Individuals’ concepts of themselves can sometimes be a bigger barrier than you might think. As White explained, “Generally people want to view themselves positively. One reason men are sometimes less likely to choose the sustainable option is because they view it as feminine and may feel uncomfortable or threatened by that.” It’s a rationale that has prompted campaigns that appeal to masculinity and challenge preconceptions around plant-based diets.
You can also capitalize on commitments and how they drive consistency. People are more likely to continue with the positive action if they've committed to it. The more public and durable the commitment, the better. However, you also must be wary of “slacktivism” and encourage people to do more than simply “Like” your Facebook page by getting involved or donating to a cause. Otherwise they may feel like they have already “contributed” and be less motivated to do something next time.
Efficacy also plays a role; it is helpful when people believe they can engage in the desired action (ability efficacy) and have confidence that their actions will have an impact (outcome efficacy).
Feelings and cognition is perhaps the most familiar of these elements. Appeal to people’s emotions – whether negative or positive – the heart rather than the head. However, White cautions that negative messages should be moderated. Greenpeace has been criticized for messages or images that are so negative or shocking that people are less inclined to respond. Others such as Canada’s David Suzuki Foundation stress the importance of taking action by promoting what can be done, appealing to emotions on both sides.
Tangibility is important because for most people sustainability is an abstract notion. “Making impacts tangible is more likely to motivate people to change their behavior,” White said.
Ways to do this include verifying sustainable attributes, making comparisons or using analogies, and making impacts clear and local. Certifications are good, but it is often more important to bring the message to life. For example, Tide used an image of an Empire State Building made of Tide containers with the message “If everyone in New York City were to wash their laundry in cold water for ONE DAY this would be enough electricity to light up the Empire State Building for one month,” and a Toyota ad highlighted that the Prius produces less emissions than a sheep.
“Making [your message] more clear, local and relevant makes it more tangible,” White added. An effective example is environmental messages on gas pumps with local endangered species at risk due to climate change.
Now that you’re familiar with the five aspects of SHIFT, how can you actually use it to influence consumers to care more about sustainability issues and behave more sustainably? White concluded with a 6-step process:
- Clarify the context. Think about the context, your goals and the behavior.
- Select your target segment. Identify your target market.
- Determine the details. Determine the specific needs, barriers and benefits.
- Select and apply the tools. Take SHIFT tools that reflect your context, target, barriers and benefits.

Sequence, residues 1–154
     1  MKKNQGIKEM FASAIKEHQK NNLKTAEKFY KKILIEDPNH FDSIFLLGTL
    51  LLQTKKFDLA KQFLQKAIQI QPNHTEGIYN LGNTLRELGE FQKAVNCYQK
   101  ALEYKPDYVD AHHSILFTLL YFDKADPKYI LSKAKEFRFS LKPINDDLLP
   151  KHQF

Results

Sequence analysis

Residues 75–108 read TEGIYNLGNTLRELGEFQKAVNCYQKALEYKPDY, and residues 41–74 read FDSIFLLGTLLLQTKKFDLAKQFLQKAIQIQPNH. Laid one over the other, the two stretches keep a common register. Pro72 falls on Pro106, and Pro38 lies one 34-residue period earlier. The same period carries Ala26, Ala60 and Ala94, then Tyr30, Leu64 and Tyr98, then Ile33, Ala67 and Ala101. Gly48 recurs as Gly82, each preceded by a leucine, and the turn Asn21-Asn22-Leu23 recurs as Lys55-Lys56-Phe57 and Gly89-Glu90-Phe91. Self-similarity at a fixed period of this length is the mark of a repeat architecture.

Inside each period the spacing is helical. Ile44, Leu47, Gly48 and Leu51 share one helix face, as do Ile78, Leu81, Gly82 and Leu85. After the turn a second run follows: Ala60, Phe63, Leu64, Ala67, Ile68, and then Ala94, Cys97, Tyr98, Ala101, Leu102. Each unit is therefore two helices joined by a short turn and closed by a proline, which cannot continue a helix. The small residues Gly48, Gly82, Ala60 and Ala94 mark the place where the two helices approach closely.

- Test your strategy. Pilot your strategy; you may need to return to a previous step.
- Implement your plan and evaluate outcomes.
The Proof Is in the Pudding: How to Get People to Choose Sustainable Over Conventional
Nice and Serious co-founder Ben Meaker and creative strategist Christopher Fiorello provided further insights on influencing consumers in their breakout session. While we know that consumers value the environment and social good, it can still be difficult to shift their behavior or convince them to spend a bit more money on a product that is in line with those values. Through their social-impact creative agency, Meaker, Fiorello and their team help brands with more sustainable or ethical products take on conventional product “Goliaths.”
The speakers highlighted five recommendations for effective marketing of sustainable products, drawing parallels to the story of David and Goliath along the way and sharing their lived experience creating a marketing campaign for an imaginary marshmallow product.
Recommendation #1: Selling “sustainability” is just plain selling. Even David needed a weapon for his battle with Goliath, and traditional sales and marketing techniques are still effective. As such, Nice and Serious says it is key to use these tools at your disposal rather than selling on sustainability alone or as a “sustainability person.”
Recommendation #2: Find your MAPS. MAPS is an acronym for Market, Audience, Product and Scene. These are the same basic components you would usually consider for a marketing campaign; where is your market, and who are the market leaders and your competitors? Who is your target audience? What are the selling points of your product? How does your product or brand fit amidst the current social landscape? (For example, with plastic pollution becoming a more prominent issue in the public eye, this aspect of the “scene” means more people are asking questions about plastic products and packaging and seeking sustainable options.)
MEE is another acronym, but is more specific to shaping your campaign. It stands for Motivation, Ease and Emotion. As Fiorello put it, “Which of these 3 are you going to use to sell your sustainable product and switch consumers from a more conventional option?”